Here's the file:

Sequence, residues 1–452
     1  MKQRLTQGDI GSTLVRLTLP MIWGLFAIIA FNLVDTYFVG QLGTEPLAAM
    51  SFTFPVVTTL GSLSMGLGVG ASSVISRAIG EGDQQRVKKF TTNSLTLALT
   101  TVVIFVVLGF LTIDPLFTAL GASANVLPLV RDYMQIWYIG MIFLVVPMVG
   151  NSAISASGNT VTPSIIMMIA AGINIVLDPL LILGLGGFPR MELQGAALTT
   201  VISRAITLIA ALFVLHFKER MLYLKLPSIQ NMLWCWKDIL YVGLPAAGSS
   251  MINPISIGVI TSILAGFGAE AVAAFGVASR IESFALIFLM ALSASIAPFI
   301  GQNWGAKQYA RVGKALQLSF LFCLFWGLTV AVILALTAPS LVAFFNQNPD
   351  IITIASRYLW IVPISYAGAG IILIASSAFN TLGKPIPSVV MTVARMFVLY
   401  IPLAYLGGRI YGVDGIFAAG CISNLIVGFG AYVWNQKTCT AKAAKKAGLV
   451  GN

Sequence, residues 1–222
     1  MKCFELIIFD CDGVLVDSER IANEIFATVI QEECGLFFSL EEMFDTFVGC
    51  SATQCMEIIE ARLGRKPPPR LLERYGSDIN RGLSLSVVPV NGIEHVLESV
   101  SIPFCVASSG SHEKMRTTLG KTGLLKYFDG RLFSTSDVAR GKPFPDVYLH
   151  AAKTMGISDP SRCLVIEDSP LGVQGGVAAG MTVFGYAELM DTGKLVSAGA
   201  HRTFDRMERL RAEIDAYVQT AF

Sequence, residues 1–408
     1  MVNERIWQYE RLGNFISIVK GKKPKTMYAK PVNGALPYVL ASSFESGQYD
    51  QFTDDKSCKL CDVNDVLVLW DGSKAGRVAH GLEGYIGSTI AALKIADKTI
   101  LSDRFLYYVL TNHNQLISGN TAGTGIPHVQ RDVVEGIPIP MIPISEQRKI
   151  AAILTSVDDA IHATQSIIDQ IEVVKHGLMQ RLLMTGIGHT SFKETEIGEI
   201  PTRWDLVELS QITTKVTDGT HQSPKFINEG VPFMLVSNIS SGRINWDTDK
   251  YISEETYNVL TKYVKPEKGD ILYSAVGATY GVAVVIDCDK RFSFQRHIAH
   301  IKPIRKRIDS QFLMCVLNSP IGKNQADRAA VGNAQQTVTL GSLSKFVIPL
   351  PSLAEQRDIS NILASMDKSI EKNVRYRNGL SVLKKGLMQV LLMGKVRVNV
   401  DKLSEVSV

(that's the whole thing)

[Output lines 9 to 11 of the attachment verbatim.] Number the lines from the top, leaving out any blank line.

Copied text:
   351  IITIASRYLW IVPISYAGAG IILIASSAFN TLGKPIPSVV MTVARMFVLY
   401  IPLAYLGGRI YGVDGIFAAG CISNLIVGFG AYVWNQKTCT AKAAKKAGLV
   451  GN